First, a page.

In supporting bouts fans will be able to see recent Japanese Flyweight title challenger Katsunori Nagamine (14-2-1, 10) [長嶺克則] take on a visitor from China as well as a bout featuring former Mishiro foe Shuma Nakazato (7-1-1, 6) [仲里周磨]. Sadly we don't currently have the names of the two Chinese fighters, but given that Nagamine and Nakazato are both always worth watching we're already excited to see them both in the ring.
The Japanese domestic scene is arguably the best on the planet, with all-Japanese bouts often delivering in the best possible ways. That was seen again today, with the main event of a card at the Korakuen Hall standing out as being a little special.
The bout in question saw touted former amateur stand out Hironori Mishiro (4-0, 2) [三代大訓] battle against the 2015 Rookie of the Year Featherweight runner up Shuma Nakazato (6-1-1, 5) [仲里周磨], and they delivered.
Within seconds of the bout starting the men warmed to their task, boxing and moving, keeping just on the edge of their range whilst trying to land power shots. The bout wasn't a brawl from the off, but was a highly skilled and thrilling bout between two men who were willing to work their openings then go for them, testing each other's durability.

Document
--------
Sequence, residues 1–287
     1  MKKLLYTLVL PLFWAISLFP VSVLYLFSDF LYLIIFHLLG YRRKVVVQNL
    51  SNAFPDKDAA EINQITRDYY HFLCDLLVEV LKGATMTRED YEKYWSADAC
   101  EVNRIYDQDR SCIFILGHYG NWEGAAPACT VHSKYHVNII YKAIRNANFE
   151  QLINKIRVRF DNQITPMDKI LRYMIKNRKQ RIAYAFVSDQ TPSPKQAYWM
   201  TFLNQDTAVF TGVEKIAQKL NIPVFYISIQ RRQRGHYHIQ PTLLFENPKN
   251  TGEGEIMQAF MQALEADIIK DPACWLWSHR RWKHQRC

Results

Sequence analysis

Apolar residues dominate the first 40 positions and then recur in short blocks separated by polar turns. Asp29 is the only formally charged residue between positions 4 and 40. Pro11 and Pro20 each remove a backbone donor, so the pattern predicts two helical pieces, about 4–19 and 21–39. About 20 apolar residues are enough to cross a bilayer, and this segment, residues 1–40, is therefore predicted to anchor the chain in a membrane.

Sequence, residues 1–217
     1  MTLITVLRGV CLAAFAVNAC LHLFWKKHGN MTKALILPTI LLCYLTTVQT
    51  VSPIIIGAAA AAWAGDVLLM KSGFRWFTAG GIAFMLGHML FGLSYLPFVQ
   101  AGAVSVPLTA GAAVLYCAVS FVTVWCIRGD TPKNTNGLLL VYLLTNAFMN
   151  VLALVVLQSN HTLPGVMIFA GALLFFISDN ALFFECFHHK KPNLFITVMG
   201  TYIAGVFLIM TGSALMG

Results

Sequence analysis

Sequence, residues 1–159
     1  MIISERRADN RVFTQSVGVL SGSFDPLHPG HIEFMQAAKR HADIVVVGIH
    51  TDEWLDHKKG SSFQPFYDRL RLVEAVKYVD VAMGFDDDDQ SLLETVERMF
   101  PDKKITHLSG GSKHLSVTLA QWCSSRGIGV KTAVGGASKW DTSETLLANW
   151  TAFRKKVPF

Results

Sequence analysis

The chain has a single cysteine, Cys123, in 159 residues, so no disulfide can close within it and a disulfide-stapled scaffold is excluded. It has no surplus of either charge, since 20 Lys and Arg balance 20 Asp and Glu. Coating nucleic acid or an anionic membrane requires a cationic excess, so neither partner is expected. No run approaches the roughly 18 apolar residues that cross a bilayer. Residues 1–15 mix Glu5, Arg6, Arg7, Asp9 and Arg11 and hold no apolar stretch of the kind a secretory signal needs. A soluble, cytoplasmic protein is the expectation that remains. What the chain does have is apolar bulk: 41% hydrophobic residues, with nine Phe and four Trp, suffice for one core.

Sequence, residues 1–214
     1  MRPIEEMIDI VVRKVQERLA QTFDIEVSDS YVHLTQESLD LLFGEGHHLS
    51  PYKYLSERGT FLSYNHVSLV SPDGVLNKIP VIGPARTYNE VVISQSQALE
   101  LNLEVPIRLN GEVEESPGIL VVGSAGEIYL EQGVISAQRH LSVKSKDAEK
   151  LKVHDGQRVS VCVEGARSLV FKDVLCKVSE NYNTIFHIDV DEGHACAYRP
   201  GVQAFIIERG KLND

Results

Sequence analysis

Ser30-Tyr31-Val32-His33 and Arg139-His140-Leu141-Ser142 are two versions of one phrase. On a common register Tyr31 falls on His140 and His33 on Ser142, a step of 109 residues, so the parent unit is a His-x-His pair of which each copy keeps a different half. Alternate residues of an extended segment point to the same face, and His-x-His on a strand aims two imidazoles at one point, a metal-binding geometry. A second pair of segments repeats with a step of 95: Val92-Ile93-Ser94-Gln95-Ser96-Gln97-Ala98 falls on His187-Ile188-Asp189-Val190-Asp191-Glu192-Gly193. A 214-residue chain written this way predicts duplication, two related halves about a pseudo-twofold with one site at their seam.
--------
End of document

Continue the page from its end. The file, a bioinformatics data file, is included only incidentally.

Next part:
The pace gradually quickened and in round 3 Mishiro's durability showed cracks as Nakazato detonated with a huge right hand. Lesser fighters would have been down and out but Mishiro quickly got back to his feet and saw off the follow up assault from Nakazato. Nakazato attempted to jump on Mishiro in the following round but Mishiro had recovered well and late in round 4 he landed a sweeping hook that sent Nakazato down.
Although Nakazato had moments in the final 2 rounds Mishiro's more varied attack and better defense was enough to earn him the win, taking the decision on all 3 cards, but both men grew their reputations in a bout that really gave the fans more than they had ever expected and will go down as one of the ever growing number of great bouts that fans at the Korakuen Hall have seen this year.
The win for Mishiro sets up a January encounter with Shuya Masaki (9-0, 5) [正木脩也] in what is a really mouth watering match up!
On the same card there was also notable wins for Coach Hiroto (13-2-1, 4) [小内義人], Kenshin Oshima (3-1, 3) [大嶋剣心] and Ryo Sagawa (2-1, 2) [佐川遼], who are all expected to move into bigger bouts in 2018.